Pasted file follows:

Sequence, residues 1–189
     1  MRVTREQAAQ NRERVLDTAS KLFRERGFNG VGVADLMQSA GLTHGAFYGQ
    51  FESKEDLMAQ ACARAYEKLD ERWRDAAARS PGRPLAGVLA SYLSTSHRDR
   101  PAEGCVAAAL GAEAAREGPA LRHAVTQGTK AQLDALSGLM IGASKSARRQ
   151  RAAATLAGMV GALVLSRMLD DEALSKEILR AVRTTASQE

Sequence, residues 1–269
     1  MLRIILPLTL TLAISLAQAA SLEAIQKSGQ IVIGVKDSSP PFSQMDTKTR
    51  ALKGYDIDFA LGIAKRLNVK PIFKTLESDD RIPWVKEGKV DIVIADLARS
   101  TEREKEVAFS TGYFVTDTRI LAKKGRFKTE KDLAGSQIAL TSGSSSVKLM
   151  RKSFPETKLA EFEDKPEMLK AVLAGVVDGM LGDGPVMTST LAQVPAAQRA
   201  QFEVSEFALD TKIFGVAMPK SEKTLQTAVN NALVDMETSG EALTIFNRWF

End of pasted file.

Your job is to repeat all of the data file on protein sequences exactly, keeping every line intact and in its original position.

Sequence, residues 1–189
     1  MRVTREQAAQ NRERVLDTAS KLFRERGFNG VGVADLMQSA GLTHGAFYGQ
    51  FESKEDLMAQ ACARAYEKLD ERWRDAAARS PGRPLAGVLA SYLSTSHRDR
   101  PAEGCVAAAL GAEAAREGPA LRHAVTQGTK AQLDALSGLM IGASKSARRQ
   151  RAAATLAGMV GALVLSRMLD DEALSKEILR AVRTTASQE

Sequence, residues 1–269
     1  MLRIILPLTL TLAISLAQAA SLEAIQKSGQ IVIGVKDSSP PFSQMDTKTR
    51  ALKGYDIDFA LGIAKRLNVK PIFKTLESDD RIPWVKEGKV DIVIADLARS
   101  TEREKEVAFS TGYFVTDTRI LAKKGRFKTE KDLAGSQIAL TSGSSSVKLM
   151  RKSFPETKLA EFEDKPEMLK AVLAGVVDGM LGDGPVMTST LAQVPAAQRA
   201  QFEVSEFALD TKIFGVAMPK SEKTLQTAVN NALVDMETSG EALTIFNRWF